Unemployed: Persons who, in the week before the survey, were without work and available for work within the next two weeks, and had taken specific steps, in the preceding four weeks, to find work. It should be noted that as per Eurostat’s operational implementation, the upper age limit for classifying a person as unemployed is 74 years.
Inactive Population (not in labour force): All other persons.
The labour force comprises persons employed plus unemployed.
The Pobal Haase-Pratschke Deprivation Index is used to analyse Irish Health Survey questionnaire responses experienced by individuals. The Index uses Census data to measure levels of disadvantage or affluence in a particular geographical area. More detailed information on the index can be found here: https://www.pobal.ie/Pages/New-Measures.aspx
The results are presented by quintiles, five equal-sized groups of households, with the first quintile representing the least deprived/most affluent area and the fifth quintile representing the most disadvantaged areas.
The full list of diseases and chronic conditions which are relevant to Table 4 are as follows:
The faecal occult blood test is a lab test used to check stool samples for hidden (occult) blood. It can be used to help diagnose certain conditions including, but not limited to, gastric or duodenal ulcers, ulcerative colitis, bowel polyps, and bowel (colorectal) cancer.
Questions ten and twelve of the questionnaire identify various difficulties that individuals may experience. These difficulties are both physical and non-physical in nature. These questions have been used to identify an individual’s disability status. If a respondent has identified ‘a lot of difficulty’ or ‘cannot do at all’ as a response to any of the sub-categories in question ten, the respondent is identified as having a disability. Similarly, if the respondent has identified ‘Quite a bit’ or ‘Extremely’ as a response to question twelve, they are identified as having a disability.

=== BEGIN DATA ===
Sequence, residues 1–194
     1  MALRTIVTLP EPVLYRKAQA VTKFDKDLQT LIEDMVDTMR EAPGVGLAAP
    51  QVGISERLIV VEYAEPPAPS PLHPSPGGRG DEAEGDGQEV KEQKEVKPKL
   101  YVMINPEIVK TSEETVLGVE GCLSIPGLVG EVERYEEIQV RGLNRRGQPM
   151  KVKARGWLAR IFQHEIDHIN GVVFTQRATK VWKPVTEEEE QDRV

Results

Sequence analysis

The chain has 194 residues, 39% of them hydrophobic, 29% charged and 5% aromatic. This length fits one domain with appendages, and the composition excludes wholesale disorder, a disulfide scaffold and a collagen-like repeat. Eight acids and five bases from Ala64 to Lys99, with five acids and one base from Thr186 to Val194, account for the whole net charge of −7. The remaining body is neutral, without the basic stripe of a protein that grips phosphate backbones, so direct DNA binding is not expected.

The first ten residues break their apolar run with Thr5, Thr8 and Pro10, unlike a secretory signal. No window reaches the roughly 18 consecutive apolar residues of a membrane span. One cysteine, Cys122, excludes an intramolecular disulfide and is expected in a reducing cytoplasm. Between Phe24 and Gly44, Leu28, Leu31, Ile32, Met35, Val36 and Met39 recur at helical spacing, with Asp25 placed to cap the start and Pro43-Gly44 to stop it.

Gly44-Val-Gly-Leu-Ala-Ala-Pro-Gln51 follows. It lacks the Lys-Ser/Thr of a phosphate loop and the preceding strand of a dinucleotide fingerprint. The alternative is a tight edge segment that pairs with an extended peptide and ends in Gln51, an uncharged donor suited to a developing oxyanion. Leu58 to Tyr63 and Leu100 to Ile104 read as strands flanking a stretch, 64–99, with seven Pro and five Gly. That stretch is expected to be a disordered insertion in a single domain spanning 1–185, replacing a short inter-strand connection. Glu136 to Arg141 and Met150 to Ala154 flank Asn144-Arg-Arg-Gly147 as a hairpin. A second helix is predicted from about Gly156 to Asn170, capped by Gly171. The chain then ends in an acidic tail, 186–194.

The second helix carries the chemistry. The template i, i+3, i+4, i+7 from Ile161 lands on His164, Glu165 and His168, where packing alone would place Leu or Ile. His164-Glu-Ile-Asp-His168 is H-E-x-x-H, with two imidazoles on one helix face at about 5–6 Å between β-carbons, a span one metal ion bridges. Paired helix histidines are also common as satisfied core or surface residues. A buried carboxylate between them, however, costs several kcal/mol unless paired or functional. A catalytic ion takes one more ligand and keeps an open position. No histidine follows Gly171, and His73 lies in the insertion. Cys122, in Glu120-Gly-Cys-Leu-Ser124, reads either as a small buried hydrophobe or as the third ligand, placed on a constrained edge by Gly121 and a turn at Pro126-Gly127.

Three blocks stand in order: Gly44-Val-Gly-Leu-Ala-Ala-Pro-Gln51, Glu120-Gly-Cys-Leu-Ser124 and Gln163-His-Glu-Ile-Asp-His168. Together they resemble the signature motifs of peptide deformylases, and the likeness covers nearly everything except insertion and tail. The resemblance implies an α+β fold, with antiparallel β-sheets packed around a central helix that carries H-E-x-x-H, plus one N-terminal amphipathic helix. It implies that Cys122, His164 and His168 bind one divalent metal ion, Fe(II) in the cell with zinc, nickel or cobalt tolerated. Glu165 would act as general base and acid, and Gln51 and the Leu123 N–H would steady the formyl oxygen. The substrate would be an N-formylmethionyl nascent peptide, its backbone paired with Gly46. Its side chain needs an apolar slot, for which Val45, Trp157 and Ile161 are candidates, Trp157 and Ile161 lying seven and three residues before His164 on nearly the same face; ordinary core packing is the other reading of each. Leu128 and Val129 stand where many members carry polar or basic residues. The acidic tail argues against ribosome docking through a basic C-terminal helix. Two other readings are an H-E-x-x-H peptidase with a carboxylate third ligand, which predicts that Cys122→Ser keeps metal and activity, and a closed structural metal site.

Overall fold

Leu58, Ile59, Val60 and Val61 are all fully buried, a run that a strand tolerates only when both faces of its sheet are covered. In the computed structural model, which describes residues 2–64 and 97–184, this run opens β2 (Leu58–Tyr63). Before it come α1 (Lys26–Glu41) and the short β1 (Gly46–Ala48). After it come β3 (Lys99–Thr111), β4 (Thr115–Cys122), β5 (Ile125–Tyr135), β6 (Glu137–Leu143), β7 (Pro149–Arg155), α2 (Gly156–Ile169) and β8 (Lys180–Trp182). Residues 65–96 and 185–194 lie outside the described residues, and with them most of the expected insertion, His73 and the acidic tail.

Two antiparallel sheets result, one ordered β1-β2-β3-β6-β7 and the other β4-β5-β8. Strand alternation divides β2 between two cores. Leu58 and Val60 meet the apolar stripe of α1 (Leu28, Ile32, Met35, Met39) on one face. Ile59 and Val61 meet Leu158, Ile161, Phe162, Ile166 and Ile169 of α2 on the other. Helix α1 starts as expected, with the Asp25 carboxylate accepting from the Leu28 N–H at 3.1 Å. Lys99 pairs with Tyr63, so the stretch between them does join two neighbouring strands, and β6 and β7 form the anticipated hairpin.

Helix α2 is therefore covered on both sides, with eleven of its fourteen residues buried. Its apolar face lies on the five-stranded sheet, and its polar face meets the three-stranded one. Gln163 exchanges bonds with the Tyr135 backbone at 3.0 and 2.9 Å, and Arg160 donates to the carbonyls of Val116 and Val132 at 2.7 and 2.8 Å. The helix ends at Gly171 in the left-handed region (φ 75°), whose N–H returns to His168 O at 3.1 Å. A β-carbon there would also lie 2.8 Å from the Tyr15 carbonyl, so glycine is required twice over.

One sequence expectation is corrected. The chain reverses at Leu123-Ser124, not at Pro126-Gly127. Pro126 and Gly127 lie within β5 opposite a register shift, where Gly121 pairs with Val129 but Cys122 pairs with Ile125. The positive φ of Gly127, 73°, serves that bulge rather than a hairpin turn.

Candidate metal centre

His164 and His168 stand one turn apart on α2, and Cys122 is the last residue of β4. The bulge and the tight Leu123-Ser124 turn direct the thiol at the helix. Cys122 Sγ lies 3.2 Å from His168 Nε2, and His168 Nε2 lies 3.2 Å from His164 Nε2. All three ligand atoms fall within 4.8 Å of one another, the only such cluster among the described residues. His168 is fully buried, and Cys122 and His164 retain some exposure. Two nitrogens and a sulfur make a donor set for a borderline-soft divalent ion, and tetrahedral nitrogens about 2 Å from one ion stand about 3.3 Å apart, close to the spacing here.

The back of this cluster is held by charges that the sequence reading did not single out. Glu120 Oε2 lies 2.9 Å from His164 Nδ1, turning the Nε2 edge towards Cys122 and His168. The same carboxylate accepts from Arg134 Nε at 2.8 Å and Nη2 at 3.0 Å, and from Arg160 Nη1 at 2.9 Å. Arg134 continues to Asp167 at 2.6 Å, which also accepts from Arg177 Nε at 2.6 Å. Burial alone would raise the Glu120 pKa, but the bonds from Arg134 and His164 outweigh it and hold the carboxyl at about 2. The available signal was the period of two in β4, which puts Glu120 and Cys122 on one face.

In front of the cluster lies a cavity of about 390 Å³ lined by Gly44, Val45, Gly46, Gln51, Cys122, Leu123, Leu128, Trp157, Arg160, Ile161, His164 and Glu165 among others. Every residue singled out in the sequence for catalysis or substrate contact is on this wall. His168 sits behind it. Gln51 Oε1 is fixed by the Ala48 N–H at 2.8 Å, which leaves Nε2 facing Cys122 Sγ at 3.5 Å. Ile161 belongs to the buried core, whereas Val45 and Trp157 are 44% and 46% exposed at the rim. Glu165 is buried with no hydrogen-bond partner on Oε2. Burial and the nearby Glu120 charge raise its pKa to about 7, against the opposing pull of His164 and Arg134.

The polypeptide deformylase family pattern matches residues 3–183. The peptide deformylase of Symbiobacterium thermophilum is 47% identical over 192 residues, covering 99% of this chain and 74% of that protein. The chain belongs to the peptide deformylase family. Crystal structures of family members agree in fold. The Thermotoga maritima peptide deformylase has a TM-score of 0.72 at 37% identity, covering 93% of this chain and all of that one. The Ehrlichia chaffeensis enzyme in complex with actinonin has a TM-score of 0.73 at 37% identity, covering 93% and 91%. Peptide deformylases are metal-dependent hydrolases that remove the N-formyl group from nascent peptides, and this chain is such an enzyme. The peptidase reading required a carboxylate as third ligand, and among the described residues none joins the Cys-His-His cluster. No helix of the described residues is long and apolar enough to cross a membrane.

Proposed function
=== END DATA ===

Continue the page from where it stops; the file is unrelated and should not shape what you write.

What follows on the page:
All other responses to these two questions implied that a respondent does not have a disability.
The Personal Health Questionnaire (PHQ-8), 8-item depression screener, was selected as the instrument to monitor mental health and it encompasses a subset of the negative mental health dimension – mental health problems. It is an instrument for assessing and monitoring the prevalence and severity of current depressive symptoms and functional impairment and to make tentative depression diagnosis. It is originally derived from the Brief Health Questionnaire, Depression Module (PHQ-9).
Mental health status is calculated using data from question thirteen of the questionnaire. In this question, there are eight items measuring various negative mental health effects experienced in the previous two weeks. Each of these items has four possible answers:
Each of these responses is then given a score; 0 days = 0, 1-7 days = 1, 8-12 days = 2, and finally 13-14 days = 3. The respondent’s scores for each of the eight items are then summed, giving a maximum of 24. The levels of depression are identified by their final score, and the categories are as follows:
Body Mass Index (BMI) is a simple index of weight-for-height that is commonly used to classify underweight, overweight and obesity in adults. It is defined as the weight in kilograms divided by the square of the height in metres (kg/m2).
In the European Health Interview Survey, four BMI categories are present. These are;
Binge drinking is defined by health experts, such as the World Health Organisation (WHO), as six or more standard drinks in one sitting, which is the equivalent of three or more pints of beer or six or more pub measures of spirits.